New year, new books. Well, at least they are new to my shelves. At the beginning of this month, I bought a few books that I have either been wanting to read for a while or that I have discovered more recently. During this year, I will try to read both the books that I’ve just bought and the ones that I already owned before buying new ones. However, I have a feeling that that won’t happen and that I won’t resist the temptation of buying more books.
These are the books I bought this month:
The Muse by Jessie Burton
I loved Jessie Burton’s debut novel, The Miniaturist, and ever since The Muse was released I have been wanting to read it. However, as I much prefer paperbacks, I patiently waited until now. I plan to read it pretty soon to know everything about a lost masterpiece and the connection between the characters from two time periods – 1967 and 1936.
The Handmaid’s Tale by Margaret Atwood
This book has been on my wish list for years. As an adaptation for TV will be broadcast pretty soon, I thought this was the perfect time to finally buy it and read it.
“The Republic of Gilead offers Offred only one option: to breed. If she deviates, she will, like all dissenters, be hanged at the wall or sent out to die slowly of radiation sickness. But even a repressive state cannot obliterate desire – neither Offred’s nor that of the two men on which her future hangs.”
Autumn by Ali Smith
Ali Smith is one of those authors I have been nervous to pick up a book by, since, from what I have heard, they are far from easy reads. Autumn really caught my attention, though, because it focuses on how the world is getting more divided and takes place after the Brexit referendum. Moreover, although I am not a fan of hardbacks, I have to say that the book cover, featuring just half a dust jacket, is beautiful.
Daphnis and Chloe by Longus
Jean Menzies from the Jean Bookishthoughts YouTube channel has recommended this Ancient Greek novel quite a few times. When I realised that it had been published as a Penguin Little Black Classic, I couldn’t help but buy it. The story is about how “two young lovers battle pirates, rivals and their own confused feelings”.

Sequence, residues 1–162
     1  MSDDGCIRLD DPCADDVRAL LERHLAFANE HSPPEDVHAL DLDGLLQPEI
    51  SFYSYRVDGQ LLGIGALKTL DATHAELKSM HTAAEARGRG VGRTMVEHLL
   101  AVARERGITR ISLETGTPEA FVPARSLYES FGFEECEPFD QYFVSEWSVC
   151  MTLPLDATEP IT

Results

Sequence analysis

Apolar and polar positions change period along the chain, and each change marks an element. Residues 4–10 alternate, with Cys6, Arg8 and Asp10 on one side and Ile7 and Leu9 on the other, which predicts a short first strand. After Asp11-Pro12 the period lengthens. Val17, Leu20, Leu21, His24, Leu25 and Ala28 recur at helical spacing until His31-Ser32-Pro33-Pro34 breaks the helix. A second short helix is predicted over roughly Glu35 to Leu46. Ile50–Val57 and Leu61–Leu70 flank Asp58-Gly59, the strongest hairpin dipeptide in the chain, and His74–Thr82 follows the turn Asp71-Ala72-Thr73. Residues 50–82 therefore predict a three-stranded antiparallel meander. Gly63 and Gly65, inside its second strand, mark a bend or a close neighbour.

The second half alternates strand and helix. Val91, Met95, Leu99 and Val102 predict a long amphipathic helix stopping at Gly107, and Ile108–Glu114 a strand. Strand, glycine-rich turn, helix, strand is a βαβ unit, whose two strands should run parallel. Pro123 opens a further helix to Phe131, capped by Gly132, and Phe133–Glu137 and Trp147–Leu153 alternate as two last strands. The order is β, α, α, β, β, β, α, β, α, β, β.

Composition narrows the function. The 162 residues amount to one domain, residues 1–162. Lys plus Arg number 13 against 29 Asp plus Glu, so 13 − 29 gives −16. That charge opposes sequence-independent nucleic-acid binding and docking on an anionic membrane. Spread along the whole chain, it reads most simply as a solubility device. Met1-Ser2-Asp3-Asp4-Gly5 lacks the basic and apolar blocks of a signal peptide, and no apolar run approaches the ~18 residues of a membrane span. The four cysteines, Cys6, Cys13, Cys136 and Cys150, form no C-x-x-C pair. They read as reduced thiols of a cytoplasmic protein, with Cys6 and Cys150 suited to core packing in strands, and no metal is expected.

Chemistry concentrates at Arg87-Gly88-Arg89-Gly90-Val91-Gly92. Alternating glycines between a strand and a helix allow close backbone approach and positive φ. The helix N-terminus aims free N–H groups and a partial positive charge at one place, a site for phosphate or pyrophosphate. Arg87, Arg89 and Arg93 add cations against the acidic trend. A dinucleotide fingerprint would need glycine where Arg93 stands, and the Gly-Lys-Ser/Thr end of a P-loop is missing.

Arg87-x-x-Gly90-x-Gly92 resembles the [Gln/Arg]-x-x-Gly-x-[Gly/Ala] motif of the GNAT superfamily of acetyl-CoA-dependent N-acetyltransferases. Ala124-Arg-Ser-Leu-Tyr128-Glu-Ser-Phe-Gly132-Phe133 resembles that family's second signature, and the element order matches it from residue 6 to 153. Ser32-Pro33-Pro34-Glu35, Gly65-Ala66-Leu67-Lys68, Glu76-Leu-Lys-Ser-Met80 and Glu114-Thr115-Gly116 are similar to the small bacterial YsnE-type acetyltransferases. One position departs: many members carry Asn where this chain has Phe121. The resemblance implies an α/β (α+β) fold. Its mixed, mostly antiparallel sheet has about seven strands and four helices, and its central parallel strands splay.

Gooseberries by Anton Chekhov
To pursue my goal of reading more short stories this year, I bought another Penguin Little Black Classic. This one features three short stories by Anton Chekhov, one being ‘Gooseberries’, which gives its name to this short book.
The Cuckoo’s Calling by Robert Galbraith
This is another book that is going to be adapted for TV this year. It is the first crime novel of the series written by J.K. Rowling under the Robert Galbraith pseudonym. It all starts “when a troubled model falls to her death from a Mayfair balcony”. Although this was thought to be a suicide, her brother has doubts and employs the private detective Cormoran Strike to investigate.
The Black Project by Gareth Brookes
One of my resolutions for 2017 was to give graphic novels another chance. This was the reason why I bought The Black Project. I saw Jen Campbell rave about it on her YouTube channel and got the impression that it didn’t have many speech balloons, which is my main problem with graphic novels. So, I thought this was a good one to start with.
Diving Belles by Lucy Wood
I really don’t know much about this collection of short stories, besides it having a beautiful cover, which seemed like a good reason to buy it. According to the blurb, “in these stories, hopes, regrets and memories are entangled with catfish, wreckers’ lamps and baying hounds as Cornish folklore slips into everyday life”.
Orlando by Virginia Woolf
Virginia Woolf is another author I have been delaying reading for quite a while. But the newest Vintage Classics Edition really caught my attention and I intend to collect a few. I’m starting with Orlando, “a funny, exuberant tale that examines the very nature of sexuality”.
Treasure Island and The Ebb-Tide by Robert Louis Stevenson
Last summer I started watching the TV show Black Sails and that was the reason why this book caught my attention, since the show is kind of a prequel to the book. It “is the story of young Jim Hawkins, who discovers a treasure map marked with an X. But Jim has no way of knowing that Long John Silver, his friendly new crew-mate on the quest for the buried hoard, is determined to keep the treasure for himself, at any cost”.
Fahrenheit 451 by Ray Bradbury
I haven’t read a dystopian novel for a while. With all that is happening around the world, this seems an appropriate time to return to them. In Fahrenheit 451, the reader is presented with a society in which books are forbidden and thus burnt.
Rebecca by Daphne du Maurier
Lately, I have seen many people recommending Daphne du Maurier’s books, and the most loved one apparently is Rebecca. A young woman marries Maxim de Winter and, when moving to his estate, has to deal with the phantom of his beautiful first wife, Rebecca. I’m quite intrigued by what this novel has to offer.
All the Light We Cannot See by Anthony Doerr
I don’t know much about this book, besides it being set during the Second World War, a time period I usually like reading about. “The stories of Marie-Laure and Werner illuminate the ways, against all odds, people try to be good to one another”.
The Butcher’s Hook by Janet Ellis
I have only read and heard good things about this novel and the blurb really got me interested. “At nineteen, Anne Jaccob, the elder daughter of well-to-do parents, meets Fub, the butcher’s apprentice and is awakened to the possibilities of joy and passion. (…) Anne is an unusual young woman and is determined to pursue her own happiness in her own way… even if that means getting a little blood on her hands”.
Have you read any of these books? Which ones do you recommend the most?